Today, Amazon confirmed what had long been set in stone: New York and Northern Virginia will both be the future homes of its new headquarters, known as HQ2.
The icky competition for HQ2 feels like it’s dragged on for years, because it has. What at first appeared like a straightforward economic announcement—Amazon’s current headquarters in Seattle has been responsible for 30 percent of the city’s net job growth in the past 10 years—quickly soured, as Amazon CEO Jeff Bezos decided to go full tilt and turn the decision-making process into a nationwide game show, where YOUR city too could waste money on consultants and ammunition for an arms race that trafficked in obtuse gestures and hard-earned cash from the citizenry. It was a sham, and a disgrace. And cities across the country danced to the music.
A total of 238 cities submitted plans to Amazon; just 20 were selected as “finalists.” The lucky losers ended up being Miami, D.C., Montgomery County, Atlanta, Philadelphia, Pittsburgh, Newark, Boston, Toronto, Columbus, Indianapolis, Chicago, Denver, Nashville, Los Angeles, Dallas, and Austin.
Each of these cities bowed to Amazon’s power, and they were joined by dozens more that entered the competition before the list was whittled down for no reason other than to squeeze all the juice possible from the nation’s most promising urban hubs. Please remember that these proposals all came from politicians whose salaries are paid by state and local taxes.
Here’s a brief rundown of the chicanery:
- Last October, New York City Mayor Bill de Blasio signed off on four major city landmarks, including the Empire State Building, to be lit up “Amazon Orange.” Oh, and the state is throwing $2.5 billion their way.
- New Jersey offered $7 billion of tax breaks.
- Maryland topped that with an $8.5 billion package.
- Austin city officials didn’t even know what the hell they offered Amazon.
- The denizens of Raleigh and Charlotte got into a spectacularly petty tiff over HQ2 when Raleigh made the list of 20 and Charlotte was left out in the cold, leading to the kind of infighting where you brag over whose monorail is less shitty.
- Tuscon sent Amazon a 21-foot cactus, and the worst part isn’t that the city paid for the shipping or for some D.C. dweeb to give them the idea, but that Amazon didn’t even keep it.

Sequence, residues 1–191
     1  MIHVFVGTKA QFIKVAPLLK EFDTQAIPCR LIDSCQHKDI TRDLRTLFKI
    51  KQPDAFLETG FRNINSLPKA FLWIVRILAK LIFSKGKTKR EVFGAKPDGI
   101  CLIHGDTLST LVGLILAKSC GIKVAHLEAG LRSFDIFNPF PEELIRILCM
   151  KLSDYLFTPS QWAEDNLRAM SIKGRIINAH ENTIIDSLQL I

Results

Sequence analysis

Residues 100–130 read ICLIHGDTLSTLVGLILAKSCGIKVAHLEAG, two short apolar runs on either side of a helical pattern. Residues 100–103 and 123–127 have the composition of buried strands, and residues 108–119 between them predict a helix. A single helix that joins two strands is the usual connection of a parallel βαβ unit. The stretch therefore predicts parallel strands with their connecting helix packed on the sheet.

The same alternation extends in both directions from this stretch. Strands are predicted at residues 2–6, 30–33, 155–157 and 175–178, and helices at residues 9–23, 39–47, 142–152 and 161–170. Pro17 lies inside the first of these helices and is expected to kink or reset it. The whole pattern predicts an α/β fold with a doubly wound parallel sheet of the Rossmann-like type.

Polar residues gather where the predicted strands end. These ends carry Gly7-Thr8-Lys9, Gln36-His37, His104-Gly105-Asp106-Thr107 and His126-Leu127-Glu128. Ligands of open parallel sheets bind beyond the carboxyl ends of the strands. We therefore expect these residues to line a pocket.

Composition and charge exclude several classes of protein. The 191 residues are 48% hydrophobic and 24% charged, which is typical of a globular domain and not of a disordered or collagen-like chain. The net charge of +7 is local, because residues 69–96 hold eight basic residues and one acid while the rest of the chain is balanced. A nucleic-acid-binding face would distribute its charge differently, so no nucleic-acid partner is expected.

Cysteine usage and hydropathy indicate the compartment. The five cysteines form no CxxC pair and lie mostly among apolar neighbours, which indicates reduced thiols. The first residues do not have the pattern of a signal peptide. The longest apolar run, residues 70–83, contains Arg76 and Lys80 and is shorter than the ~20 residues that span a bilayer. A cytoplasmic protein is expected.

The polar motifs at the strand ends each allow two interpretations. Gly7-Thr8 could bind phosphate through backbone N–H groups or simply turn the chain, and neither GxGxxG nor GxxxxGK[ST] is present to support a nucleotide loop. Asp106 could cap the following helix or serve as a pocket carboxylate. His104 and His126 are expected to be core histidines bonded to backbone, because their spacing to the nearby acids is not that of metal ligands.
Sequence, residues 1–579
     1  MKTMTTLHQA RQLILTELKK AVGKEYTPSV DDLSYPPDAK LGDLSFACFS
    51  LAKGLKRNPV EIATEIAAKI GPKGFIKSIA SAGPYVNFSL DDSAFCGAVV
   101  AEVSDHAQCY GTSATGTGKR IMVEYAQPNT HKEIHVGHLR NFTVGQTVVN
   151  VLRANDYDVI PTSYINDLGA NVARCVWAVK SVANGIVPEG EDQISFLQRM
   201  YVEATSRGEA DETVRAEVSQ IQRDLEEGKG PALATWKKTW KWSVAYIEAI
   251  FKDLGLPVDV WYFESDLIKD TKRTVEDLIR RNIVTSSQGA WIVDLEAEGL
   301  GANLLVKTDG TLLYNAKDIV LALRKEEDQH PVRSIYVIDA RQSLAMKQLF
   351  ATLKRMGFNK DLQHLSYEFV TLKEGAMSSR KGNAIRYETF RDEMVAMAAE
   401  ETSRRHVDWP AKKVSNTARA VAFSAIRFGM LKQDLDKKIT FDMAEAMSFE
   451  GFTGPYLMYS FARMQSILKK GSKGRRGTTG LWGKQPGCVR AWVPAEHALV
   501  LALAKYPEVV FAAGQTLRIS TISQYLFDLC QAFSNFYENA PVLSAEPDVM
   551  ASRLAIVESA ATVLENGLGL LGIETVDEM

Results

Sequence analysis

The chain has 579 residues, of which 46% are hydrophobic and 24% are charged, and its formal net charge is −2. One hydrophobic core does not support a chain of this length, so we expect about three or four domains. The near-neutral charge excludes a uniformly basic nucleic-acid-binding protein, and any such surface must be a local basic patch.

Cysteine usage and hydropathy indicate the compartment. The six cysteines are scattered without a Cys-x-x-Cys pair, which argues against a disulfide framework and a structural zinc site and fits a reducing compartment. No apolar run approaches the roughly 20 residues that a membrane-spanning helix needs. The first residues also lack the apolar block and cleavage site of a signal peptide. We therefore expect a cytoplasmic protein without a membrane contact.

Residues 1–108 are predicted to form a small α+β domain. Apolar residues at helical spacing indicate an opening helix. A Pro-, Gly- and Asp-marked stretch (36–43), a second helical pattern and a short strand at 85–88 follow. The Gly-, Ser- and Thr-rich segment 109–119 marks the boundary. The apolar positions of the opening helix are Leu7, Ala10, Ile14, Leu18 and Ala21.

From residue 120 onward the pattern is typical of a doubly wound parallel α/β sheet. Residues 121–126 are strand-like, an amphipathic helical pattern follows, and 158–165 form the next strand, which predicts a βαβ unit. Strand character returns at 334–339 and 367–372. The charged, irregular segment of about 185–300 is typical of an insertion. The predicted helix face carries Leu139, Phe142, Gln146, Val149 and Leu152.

- Birmingham installed three huge Amazon boxes around the city, followed by the same stunt but with the shopping buttons for lazy people.
- Kansas City mayor Sly James first posted 1,000 five-star reviews on Amazon that looped in cheesy-ass sentiments about the city; then he recorded an unboxing video featuring Amazon boxes, because the only thing better than groveling to tech titans is doing it twice.
- Stonecrest, GA, near Atlanta, offered to straight up give the company 345 acres and rename itself Amazon, GA.
- And, of course, as we scrape the bottom of the barrel, multiple mayors released dumbass videos asking Amazon’s creepy and annoying robot lady why their towns were good the very best.
The realist in me understands why and how this all came to be. Amazon is a force that cannot be ignored. For years it has done nothing but maintained and grown its ubiquitous influence, and once it achieved its current level of dominance, it did what every major industrial titan has to American towns and cities, and exerted its influence to lower taxes and labor standards—not just for HQ2, but also for the “Fulfillment Centers,” the warehouses where full-time and seasonal workers will now be paid $15/hour to hold their piss, ignore their injuries, and have new-age industrial engineers come by to time their expediency.
This creeping dystopia was further emboldened by the fact that a great many of the inane gestures from these cities felt like little more pandering acts for mayors and governors to show the voters that they were Trying—that their city deserved its chance to kneel before the world’s richest man and offer their humble trinkets. Supposedly progressive leaders opted to play along in the charade, feigning their hopefulness and burying their ideological disdain for being forced to participate—if such disdain ever existed—because it was the politically savvy thing to do in their eyes.
The most disheartening facet of the bidding process wasn’t the hollowness of it all, but the inevitable foolishness that these cities would be left with when Amazon went elsewhere with its business. This wasn’t as much a play or competition as it was a test—a measuring of how far local and state governments could be pushed into playing their part in a massive PR campaign that sold these job sites as a potential jackpot lottery. In reality, HQ2 was always focused on one of the six places Amazon was only ever seriously considering. And now, the two places that needed it the least will welcome Amazon into their cities with bags of gold coins, while Amazon and every other major American employer sits back and plots out how to make the cities dance again.